Ecological and Evolutionary Characteristics of New England's Buzz Pollinated Flora

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Pollination syndromes, floral characteristics, vibratile dehiscence, angiosperms, buzz pollinated species
Curran, Bridget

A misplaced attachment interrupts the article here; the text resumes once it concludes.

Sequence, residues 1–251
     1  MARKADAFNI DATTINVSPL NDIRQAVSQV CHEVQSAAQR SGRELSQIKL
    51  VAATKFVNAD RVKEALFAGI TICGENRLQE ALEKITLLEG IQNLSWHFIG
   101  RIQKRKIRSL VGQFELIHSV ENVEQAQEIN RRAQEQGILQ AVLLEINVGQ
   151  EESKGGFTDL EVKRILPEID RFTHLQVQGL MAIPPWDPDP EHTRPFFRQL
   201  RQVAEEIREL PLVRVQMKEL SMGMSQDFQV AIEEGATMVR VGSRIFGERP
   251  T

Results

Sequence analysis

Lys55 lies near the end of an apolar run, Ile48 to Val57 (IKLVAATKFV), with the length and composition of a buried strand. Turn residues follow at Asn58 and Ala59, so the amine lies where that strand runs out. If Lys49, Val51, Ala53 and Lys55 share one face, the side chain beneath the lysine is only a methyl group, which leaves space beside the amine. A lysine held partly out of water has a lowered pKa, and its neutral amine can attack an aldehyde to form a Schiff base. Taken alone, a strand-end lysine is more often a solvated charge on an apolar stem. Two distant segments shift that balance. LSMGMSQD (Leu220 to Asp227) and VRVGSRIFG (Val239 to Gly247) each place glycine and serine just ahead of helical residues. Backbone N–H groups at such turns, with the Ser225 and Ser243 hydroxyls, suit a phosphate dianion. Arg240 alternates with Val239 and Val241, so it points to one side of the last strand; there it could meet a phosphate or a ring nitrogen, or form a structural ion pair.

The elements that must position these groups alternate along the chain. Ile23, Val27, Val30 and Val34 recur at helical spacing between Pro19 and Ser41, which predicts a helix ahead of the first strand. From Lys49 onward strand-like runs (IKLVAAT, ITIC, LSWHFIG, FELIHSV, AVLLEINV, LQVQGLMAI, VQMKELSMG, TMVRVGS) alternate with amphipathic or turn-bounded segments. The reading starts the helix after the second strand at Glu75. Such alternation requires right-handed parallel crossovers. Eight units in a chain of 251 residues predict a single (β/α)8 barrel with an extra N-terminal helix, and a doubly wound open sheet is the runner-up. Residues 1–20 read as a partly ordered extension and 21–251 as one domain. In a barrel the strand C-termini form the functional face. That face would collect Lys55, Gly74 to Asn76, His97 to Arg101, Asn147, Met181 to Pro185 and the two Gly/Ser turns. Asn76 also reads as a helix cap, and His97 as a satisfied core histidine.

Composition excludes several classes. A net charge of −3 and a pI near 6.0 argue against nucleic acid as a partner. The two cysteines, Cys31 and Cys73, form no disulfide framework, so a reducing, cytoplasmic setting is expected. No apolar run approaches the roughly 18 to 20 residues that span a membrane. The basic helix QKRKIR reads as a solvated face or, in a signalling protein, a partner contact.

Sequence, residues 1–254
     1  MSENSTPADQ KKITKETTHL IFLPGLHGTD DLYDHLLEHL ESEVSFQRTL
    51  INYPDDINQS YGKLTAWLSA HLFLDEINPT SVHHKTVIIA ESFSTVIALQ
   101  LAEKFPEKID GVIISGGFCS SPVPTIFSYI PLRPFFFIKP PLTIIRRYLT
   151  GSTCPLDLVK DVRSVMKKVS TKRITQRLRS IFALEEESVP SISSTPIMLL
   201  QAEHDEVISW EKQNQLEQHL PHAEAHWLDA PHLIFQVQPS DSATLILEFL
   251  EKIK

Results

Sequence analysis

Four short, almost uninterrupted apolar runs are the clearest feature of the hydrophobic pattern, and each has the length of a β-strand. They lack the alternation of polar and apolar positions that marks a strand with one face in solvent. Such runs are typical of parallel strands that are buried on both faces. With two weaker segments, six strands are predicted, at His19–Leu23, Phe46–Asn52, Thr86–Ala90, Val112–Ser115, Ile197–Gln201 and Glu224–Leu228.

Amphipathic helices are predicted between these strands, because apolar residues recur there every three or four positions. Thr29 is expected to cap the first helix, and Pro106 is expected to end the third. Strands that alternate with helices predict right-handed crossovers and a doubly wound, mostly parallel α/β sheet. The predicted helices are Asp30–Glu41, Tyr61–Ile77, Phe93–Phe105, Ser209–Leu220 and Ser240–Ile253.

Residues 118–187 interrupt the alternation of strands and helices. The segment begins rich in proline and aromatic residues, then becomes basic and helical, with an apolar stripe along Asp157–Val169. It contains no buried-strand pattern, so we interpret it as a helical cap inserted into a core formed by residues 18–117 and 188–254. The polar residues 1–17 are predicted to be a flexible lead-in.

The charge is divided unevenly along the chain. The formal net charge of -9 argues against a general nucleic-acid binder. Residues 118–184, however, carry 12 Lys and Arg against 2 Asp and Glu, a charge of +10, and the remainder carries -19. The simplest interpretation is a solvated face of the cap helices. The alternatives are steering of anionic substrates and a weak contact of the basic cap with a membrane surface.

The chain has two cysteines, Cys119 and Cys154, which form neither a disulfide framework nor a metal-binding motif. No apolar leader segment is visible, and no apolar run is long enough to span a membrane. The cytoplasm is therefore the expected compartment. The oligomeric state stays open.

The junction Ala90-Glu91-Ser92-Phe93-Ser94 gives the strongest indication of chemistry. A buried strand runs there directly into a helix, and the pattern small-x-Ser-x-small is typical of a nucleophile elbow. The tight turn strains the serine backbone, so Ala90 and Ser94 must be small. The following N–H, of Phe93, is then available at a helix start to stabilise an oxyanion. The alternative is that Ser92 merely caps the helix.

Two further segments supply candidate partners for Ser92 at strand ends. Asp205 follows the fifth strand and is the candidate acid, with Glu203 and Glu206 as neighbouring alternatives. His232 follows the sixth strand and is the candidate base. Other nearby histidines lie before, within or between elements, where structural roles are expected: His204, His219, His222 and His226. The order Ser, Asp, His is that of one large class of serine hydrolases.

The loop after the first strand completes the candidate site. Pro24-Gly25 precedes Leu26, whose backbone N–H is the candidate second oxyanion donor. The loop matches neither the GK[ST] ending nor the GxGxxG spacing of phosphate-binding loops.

Pollination syndromes are sets of floral characteristics that have evolved to attract specific pollinator groups for successful reproduction. Buzz pollination is a specialized form of vibratile dehiscence whereby a pollinator must produce a vibration to expel pollen from the anther. This is thought to occur in approximately 6% of angiosperms as an evolutionary adaptation to economize pollen, and we now know it occurs in approximately 3% of New England species. Unlike other pollination syndromes (e.g., moth, hummingbird, etc.) buzz pollinated species possess a relatively broad range of perianth morphologies. Buzz pollination has been studied in tropical and laboratory settings, but community-level studies are few and the breadth of morphological and ecological variation in New England is poorly understood. With my research, I tested the hypothesis that buzz pollinated species have a broad geographic distribution across New England habitats (as opposed to being restricted to one of a few special habitats) and that differences in phenology serve to reduce competition for pollinators. Second, I tested whether there are groups of plant species with similar floral morphologies associated with specific foraging behavior. We used online databases, published literature, and herbarium specimens to determine the number of buzz pollinated species in New England. Spatial analyses of georeferenced herbarium records were used to construct a species distribution model and annotated iNaturalist observations were summarized to determine species’ phenologies. We used linear regression, multiple factor analysis, and analysis of variance to better understand the relationships between anther morphology and several other floral and environmental characteristics. Additionally, we recorded buzz pollination frequency, amplitude, and duration for a small subset of plant species in the field to determine whether buzzing characteristics were associated with specific floral forms. We find that 89 species of buzz pollinated plants occur throughout almost every habitat in New England (though primarily in anthropogenic habitats), that divergence in flowering times occurs in some (not all) habitats, and that peak flowering time for buzz pollinated species occurs during the months of June and July. We find a close relationship between anther length and specific perianth morphologies, and a negative correlation between pore diameter and anther length. We also find significant differences in buzzing characteristics among several species. Because buzz pollinated plant species occur in a wide variety of habitats and range from common to rare, basic knowledge on how bees are interacting with these species in New England will foster a greater understanding of community interactions and consequences of disturbances like habitat fragmentation and type conversion. Future research on plant phenology and how differences in flowering times relate to the selective pressures acting on plant-pollinator resources will provide insight on the evolutionary trajectory of this syndrome.